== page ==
Saturday 10th April 2021
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Concern as wild polio virus resurfaces

On the brink of eradicating wild polio, Nigeria suffers a major setback as an outbreak of the virus is confirmed

Victims of polio

Victims of polio

Minister of Health, Prof.Isaac Adewole, has confirmed an outbreak of wild polio virus in Borno State.
The outbreak has reportedly affected two children from Gwoza and Jere Local Government Areas of the state.

The discovery and confirmation of the outbreak was as a result of strengthened surveillance due to improved accessibility, which has been made possible by the recent military action in liberating more communities in the North Eastern part of the country.

Adewole said the detection of children paralysed by polio shows that surveillance has increased with more access.
He equally said it is a reminder that the country needs to remain vigilant and immunise all eligible children with oral polio vaccine until polio is completely eradicated worldwide.

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He said: “Our overriding priority right now is to rapidly boost immunity in the affected areas to ensure that no more children are affected by this terrible disease.”

To this end, the minister has directed the deployment of an national emergency response team comprising government and partners to Borno State for immediate and robust polio vaccination campaign, targeting eligible children to prevent the spread of the virus locally and internationally.

The Federal Ministry of Health through the National Primary Healthcare Development Agency with the support of partners, including the World health Organisation (WHO) and the United nations Children’s Fund (UNICEF), are conducting detailed risk analysis to clearly ascertain the extent of circulation of the virus and to assess overall levels of population immunity in order to guide the response.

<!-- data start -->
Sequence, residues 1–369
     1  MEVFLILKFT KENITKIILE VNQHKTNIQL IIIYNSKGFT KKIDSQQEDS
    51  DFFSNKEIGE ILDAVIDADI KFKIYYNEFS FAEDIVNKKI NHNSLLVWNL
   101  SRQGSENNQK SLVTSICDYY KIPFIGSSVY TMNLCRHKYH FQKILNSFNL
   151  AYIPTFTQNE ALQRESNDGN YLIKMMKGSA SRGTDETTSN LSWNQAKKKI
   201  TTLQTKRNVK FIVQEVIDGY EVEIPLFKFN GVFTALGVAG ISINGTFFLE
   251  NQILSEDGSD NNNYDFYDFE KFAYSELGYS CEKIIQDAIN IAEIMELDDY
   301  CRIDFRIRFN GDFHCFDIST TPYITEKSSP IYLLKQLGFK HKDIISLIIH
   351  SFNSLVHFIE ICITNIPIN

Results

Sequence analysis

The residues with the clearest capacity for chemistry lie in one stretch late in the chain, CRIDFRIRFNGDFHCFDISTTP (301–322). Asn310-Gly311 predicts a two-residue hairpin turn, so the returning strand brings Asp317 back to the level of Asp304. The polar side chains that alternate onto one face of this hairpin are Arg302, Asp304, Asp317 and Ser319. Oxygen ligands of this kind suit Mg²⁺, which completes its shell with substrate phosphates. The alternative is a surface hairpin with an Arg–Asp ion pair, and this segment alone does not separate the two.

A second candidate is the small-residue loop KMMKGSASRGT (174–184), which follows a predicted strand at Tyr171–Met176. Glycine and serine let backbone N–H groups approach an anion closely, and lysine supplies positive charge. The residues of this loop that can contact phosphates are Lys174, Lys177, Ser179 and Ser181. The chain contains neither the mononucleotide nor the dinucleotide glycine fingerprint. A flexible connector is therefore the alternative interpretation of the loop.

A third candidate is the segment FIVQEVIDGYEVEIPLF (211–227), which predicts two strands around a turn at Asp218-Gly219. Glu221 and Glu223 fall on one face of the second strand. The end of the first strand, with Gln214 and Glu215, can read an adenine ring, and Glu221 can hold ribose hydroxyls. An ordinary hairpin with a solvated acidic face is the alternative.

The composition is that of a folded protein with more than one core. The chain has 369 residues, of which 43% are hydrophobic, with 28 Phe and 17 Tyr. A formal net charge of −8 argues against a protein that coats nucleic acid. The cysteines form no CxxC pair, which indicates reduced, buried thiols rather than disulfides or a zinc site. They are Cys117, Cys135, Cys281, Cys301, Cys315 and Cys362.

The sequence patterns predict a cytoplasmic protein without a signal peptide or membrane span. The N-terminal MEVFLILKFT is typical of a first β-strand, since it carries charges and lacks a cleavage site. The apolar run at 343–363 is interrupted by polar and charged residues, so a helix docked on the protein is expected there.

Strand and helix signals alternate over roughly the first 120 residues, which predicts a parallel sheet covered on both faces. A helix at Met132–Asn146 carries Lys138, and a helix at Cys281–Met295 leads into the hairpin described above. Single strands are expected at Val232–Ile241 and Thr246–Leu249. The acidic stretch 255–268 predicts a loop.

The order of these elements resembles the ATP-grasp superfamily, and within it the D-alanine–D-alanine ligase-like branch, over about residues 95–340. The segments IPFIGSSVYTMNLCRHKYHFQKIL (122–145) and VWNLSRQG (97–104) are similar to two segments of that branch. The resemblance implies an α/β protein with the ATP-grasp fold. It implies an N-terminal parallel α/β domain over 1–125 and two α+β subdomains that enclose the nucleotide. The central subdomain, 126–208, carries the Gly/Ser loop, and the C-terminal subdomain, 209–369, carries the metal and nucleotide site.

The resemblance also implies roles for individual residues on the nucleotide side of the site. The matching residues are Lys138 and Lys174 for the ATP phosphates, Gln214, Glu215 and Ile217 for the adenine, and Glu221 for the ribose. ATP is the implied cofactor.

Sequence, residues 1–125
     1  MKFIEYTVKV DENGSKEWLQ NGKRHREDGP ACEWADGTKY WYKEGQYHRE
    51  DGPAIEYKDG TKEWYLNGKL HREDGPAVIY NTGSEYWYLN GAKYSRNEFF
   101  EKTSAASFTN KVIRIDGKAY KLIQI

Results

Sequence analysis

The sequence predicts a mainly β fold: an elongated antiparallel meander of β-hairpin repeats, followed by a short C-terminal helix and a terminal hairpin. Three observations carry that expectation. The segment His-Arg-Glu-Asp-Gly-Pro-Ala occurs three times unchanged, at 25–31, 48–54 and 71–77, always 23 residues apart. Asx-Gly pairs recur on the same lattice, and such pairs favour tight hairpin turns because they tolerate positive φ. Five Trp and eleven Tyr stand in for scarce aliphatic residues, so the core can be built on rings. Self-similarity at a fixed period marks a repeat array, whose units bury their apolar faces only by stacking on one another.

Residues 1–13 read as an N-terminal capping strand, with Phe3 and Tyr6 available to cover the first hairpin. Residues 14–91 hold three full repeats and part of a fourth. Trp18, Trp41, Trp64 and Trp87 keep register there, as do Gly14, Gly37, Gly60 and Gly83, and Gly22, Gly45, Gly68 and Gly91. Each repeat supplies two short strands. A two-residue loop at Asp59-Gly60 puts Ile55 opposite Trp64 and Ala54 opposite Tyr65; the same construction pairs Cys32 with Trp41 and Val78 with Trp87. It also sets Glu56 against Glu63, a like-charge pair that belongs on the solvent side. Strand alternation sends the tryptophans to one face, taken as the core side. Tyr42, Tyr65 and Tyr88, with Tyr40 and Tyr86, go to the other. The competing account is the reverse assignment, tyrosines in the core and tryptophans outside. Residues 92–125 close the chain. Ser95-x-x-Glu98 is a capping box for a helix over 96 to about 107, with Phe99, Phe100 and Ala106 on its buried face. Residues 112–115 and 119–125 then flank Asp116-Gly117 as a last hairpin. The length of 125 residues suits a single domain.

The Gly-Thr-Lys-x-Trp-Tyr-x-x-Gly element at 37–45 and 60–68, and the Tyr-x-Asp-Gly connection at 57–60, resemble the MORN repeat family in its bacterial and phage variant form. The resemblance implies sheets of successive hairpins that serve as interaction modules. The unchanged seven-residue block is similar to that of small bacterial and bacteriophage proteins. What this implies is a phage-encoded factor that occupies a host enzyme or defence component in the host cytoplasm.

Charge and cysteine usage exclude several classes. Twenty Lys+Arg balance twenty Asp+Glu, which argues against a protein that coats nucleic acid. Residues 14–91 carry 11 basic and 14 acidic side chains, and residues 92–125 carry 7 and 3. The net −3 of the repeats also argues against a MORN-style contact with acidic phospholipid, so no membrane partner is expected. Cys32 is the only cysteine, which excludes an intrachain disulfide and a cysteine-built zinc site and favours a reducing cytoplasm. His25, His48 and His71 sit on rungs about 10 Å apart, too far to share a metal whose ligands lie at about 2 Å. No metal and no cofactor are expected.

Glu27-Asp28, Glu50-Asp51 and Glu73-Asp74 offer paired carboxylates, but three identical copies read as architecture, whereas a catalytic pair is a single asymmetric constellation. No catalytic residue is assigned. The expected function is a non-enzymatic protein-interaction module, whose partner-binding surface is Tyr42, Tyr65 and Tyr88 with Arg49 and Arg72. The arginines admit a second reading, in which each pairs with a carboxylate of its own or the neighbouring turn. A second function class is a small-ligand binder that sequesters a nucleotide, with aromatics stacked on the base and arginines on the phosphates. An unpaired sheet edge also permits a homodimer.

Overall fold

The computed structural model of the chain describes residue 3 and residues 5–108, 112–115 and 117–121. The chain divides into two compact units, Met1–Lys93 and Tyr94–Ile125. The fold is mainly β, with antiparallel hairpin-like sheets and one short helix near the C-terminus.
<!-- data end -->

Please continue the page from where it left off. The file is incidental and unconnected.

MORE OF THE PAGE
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As an immediate response, about one million children are to be immunised in four local government areas in Borno State.

Children in adjoining states of Yobe, Adamawa and Gombe will also be immunised, bringing the number to about five million in the four states.

Prof. Adewole reiterated the Federal Government’s commitment to achieving a polio-free Nigeria and assuresd the general public that this outbreak would be controlled as soon as possible, adding that government will provide the needed resources to contain it.

He therefore called on other states and local governments to redouble their efforts by safeguarding their territories from importation of the virus by providing the required leadership and ensuring accountability among healthcare workers and other stakeholders.

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It will be recalled that, in 2012, Nigeria accounted for more than half of all polio cases worldwide, but the country has made significant strides in recent years, going two years without a single case.
This progress has been as a result of concerted efforts by all level of government, civil society, traditional and religious leaders as well as dedicated health workers.

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